Axiom: Star Trek is the most influential Science Fiction television program in history!

In Part 1, I gave an introduction as to my argument and why I felt it needed to be made.

In Part 2, I demonstrated how Star Trek has influenced technology by citing examples. There were more examples than the ones I cited, but I made a conscious choice to refrain from being tedious and redundant.

In Part 3, I will show how Star Trek has influenced societal mores on race relations.

One of the most widely cited reasons why people love Star Trek is the positive view towards harmonious race relations.  Gene Roddenberry, the creator of Star Trek, envisioned a racially mixed, multi-ethnic crew, including a black communications officer from Africa, A Scottish Engineer, a Japanese helmsman, a Russian navigator/tactical officer, and an alien — the half Vulcan and enigmatic Mr. Spock.Image result for star trek: a phenomenon and social statement on the 1960s

Understanding that the show aired in the late 1960’s, it is imperative to note the cultural milieu that birthed some of the most controversial aspects of the series.  The Civil Rights movement had begun.  Congress had passed numerous constitutional amendments to benefit African Americans, including the Civil Rights Act and the Voting Rights Act specifically aimed to benefit disenfranchised populations. This amalgamation of characters, though viewed in the current climate as a positive, at one time was considered quite the opposite.Image result for star trek: a phenomenon and social statement on the 1960s

Montgomery Scott, the quirky and hard-working engineer came from a long line of Scottish engineers.  He was a stereotype, but for the most part, a benignly positive one. Pavel Chekhov was a Russian officer at a time when the Cold War began between the Soviet Union and the United States.  Hikaru Sulu was a Japanese American who in a post World War II America received a significant resistance for being part of this optimistic future.  The Japanese bombing of Pearl Harbor had not been forgotten; as well as the Japanese internment.  Pain on both sides remained.  Nyota Uhura was a black princess from East Africa fluent in Swahili.  I can’t stress enough how bold it was to have a black character on the bridge of the Enterprise during the 1960’s.Related image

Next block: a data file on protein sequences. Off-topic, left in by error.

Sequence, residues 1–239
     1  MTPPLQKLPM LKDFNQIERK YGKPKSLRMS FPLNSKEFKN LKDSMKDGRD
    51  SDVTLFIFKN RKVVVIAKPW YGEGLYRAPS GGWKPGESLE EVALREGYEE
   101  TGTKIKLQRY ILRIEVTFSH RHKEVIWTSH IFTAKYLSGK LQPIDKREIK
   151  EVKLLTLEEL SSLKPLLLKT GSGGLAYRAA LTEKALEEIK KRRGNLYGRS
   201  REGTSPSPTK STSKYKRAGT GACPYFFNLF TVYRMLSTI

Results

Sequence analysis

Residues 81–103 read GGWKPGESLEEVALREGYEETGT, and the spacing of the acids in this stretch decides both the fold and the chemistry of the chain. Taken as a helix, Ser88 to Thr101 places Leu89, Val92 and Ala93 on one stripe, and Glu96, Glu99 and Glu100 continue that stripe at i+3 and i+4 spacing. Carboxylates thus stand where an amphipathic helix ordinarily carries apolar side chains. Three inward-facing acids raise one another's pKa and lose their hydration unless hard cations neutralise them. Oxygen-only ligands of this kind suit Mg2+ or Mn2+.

In fact, Uhura, whose name means “freedom,” was given a complicated backstory meant to be explored during the course of the series.  Unfortunately, network censors often reduced her story lines to simple support lines like, “Hailing frequencies open, Captain.” She became so frustrated with her part that she sought to quit the show, but Dr. Martin Luther King convinced her otherwise.  He said that Star Trek was the only television program he let his children stay up to watch.  Lt. Uhura wasn’t a maid or a servant, as most black actress roles were at the time.  She was a Starfleet officer, equal to every person on that bridge, and even though she spoke few lines, her role was important.  She was the conduit for communication.  She was a black woman working alongside white men, according to Dr. King, this furthered the goal of racial equality. Needless to say, she kept the role and on 11/22/68 during the episode, “Plato’s Stepchildren,” Captain Kirk and Lt. Uhura made television history in what is acknowledged as the first televised interracial kiss.Image result for star trek: a phenomenon and social statement on the 1960s

I left Spock for last because I want to comment about the racism that is usually masked and rarely talked about on Star Trek — that being the one directed toward Spock.  The biggest culprit of this behavior is one of his closest friends.  Dr. Leonard “Bones” McCoy was constantly verbally jousting with Spock, and when he would invariably lose, he would resort to name-calling:  Green-blooded, Pointy-eared, cold, unfeeling, callous… You get the picture.  In episodes like “The Omega Glory,” and “Balance of Terror,” the racism toward Spock is overt and blatant.  It is difficult to understand how such behavior could be tolerated and really serves to underscore how subtle bigotry can creep into even the most ardently zealous proselyte.Image result for star trek: a phenomenon and social statement on the 1960s

There are many episodes that can be used as evidence of how Star Trek attempted to underscore the arbitrary nature of race and how inconsequential it should be as a determinant of ability and skill.  Can you name or describe any episodes that fall into this category?  I deliberately left out the biggest one.  Come on.  Press like and add a comment.  I know you want to.